Implantable Lenses: Help for Severe Myopia
Implantable Lens Pros and Cons continued...
The Visian lens is foldable, so it can be inserted through a smaller incision that usually requires no sutures. But because it sits close to the natural lens of the eye, it can cause cataracts in a small percentage of people, says James J. Salz, MD, clinical professor of Ophthalmology at the University of Southern California. "And we don't know how many patients will get a cataract if they've had that lens in their eye for over 10 years." The Visian lens has been modified recently to decrease the risk of cataracts.
Also, as with any surgery, both implantable lenses pose a small risk of infection, which in rare cases could cause blindness.
In clinical trials, both brands corrected vision well. With the Visian lens, 95% of patients had 20/40 or better vision, the level needed to obtain a driver's license, and 59% had 20/20 or better after three years. With the Verisyse lens, 92% had 20/40 or better vision, and 44% had 20/20 or better after three years.
What's Involved in Phakic IOL Surgery
Phakic surgery is an elective procedure, so it's not covered by insurance. It costs $3,500 to $5,500 per eye. Surgeons operate on just one eye at a time, so you need to have it twice to correct vision in both eyes.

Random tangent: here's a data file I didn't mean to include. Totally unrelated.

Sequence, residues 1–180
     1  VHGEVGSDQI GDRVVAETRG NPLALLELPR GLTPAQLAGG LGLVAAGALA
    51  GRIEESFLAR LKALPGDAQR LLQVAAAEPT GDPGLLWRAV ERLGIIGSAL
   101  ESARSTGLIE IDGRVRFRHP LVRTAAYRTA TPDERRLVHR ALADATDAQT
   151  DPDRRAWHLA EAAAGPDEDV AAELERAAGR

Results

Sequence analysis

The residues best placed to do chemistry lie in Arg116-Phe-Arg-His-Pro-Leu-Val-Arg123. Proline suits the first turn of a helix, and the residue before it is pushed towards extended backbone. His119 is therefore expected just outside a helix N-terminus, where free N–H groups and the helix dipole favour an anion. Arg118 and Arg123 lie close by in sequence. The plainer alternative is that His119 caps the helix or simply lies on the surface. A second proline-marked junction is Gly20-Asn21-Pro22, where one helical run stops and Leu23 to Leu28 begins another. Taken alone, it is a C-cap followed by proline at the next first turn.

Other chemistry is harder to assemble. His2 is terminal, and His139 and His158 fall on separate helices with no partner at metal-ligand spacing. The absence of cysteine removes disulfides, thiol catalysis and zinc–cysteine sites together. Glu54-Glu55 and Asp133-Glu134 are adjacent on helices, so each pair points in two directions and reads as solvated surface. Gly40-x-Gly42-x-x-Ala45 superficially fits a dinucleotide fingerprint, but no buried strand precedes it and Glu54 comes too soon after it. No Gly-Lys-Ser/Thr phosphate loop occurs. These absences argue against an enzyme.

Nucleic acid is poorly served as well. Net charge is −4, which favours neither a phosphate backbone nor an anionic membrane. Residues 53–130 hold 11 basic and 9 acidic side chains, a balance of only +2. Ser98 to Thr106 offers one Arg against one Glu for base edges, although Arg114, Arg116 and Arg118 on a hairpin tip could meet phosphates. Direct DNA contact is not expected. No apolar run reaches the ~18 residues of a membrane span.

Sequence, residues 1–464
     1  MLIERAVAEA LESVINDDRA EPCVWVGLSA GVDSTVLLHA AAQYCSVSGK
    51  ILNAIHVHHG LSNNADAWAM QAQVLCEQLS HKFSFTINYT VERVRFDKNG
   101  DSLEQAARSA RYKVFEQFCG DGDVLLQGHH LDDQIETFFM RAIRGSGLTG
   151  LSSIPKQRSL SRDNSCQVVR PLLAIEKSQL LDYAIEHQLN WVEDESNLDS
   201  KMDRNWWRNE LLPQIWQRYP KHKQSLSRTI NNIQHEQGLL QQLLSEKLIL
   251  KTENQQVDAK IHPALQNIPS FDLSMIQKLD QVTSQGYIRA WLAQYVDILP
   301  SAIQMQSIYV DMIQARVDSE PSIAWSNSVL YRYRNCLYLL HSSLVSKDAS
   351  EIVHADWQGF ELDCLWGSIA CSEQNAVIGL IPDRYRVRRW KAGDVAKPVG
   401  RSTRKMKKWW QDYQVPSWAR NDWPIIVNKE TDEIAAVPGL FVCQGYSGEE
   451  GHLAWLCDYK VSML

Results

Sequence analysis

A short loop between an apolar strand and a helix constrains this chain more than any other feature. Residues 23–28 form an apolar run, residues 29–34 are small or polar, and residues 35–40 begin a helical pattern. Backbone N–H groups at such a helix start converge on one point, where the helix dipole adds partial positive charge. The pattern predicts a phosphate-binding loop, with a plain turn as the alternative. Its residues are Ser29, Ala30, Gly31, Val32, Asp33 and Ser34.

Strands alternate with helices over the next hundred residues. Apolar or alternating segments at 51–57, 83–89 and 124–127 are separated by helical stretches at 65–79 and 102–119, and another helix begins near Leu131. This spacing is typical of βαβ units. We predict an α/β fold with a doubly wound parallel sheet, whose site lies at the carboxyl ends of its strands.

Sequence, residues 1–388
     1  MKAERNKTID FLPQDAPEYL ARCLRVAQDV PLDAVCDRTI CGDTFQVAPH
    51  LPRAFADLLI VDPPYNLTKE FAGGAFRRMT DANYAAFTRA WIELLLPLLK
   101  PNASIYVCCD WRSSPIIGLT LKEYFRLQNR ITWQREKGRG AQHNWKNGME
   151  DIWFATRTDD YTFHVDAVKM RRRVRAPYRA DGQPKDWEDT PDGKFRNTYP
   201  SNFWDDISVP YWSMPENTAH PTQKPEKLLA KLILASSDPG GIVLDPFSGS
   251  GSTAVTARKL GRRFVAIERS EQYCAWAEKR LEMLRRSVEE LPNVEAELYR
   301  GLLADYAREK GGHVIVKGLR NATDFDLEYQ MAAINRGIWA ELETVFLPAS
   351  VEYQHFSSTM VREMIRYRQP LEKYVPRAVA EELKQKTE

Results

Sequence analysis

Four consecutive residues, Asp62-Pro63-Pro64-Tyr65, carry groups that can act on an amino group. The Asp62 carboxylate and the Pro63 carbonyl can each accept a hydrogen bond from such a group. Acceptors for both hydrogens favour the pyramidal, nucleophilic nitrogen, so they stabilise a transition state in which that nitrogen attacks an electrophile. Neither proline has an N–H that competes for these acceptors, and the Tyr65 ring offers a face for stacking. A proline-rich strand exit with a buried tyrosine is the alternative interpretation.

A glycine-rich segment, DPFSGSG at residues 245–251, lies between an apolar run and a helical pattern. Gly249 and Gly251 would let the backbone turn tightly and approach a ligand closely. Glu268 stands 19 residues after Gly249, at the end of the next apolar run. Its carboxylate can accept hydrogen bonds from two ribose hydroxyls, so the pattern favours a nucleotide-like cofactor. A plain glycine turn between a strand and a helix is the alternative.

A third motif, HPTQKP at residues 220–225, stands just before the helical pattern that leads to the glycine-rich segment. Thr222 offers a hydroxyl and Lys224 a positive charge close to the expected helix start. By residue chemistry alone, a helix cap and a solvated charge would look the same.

"The lens is expensive and the procedure is more involved and intensive than LASIK," says Hamilton.
The surgery itself takes about 10 to 15 minutes, he says. "We use topical numbing drops and IV sedation, and you can see out of the eye immediately. There's no need to patch the eye shut."
"The recovery time is essentially overnight," Hamilton tells WebMD. "The next day a patient's vision is excellent." In comparison, it can take up to six months for vision to stabilize after LASIK surgery.
Should You Have Implantable Lenses or LASIK?
"A big question is: who are the candidates for these lenses?" says Salz. "Because you're putting the lens inside the eye, it's a different set of risks than LASIK surgery, which is done on the cornea outside the eye."
Implantable lenses are a good choice for people who are extremely nearsighted, says Salz. "Patients who are above -10 diopters or -11 diopters often can't get enough correction with a LASIK procedure."
"These patients…have to wear contact lenses every waking hour because they can't see otherwise, or they have to wear super-thick glasses, which most people find unacceptable," Hamilton says. With implantable lenses, "you really change their lives."
For people who have nearsightedness of -8 diopters to -11 diopters, Salz says the choice isn't so clear. Some surgeons prefer to use phakic lenses, while others prefer LASIK, he says. If you fall into that group, it's important to ask your ophthalmologist to explain the benefits and risks of each surgery. You might also consider getting a second opinion.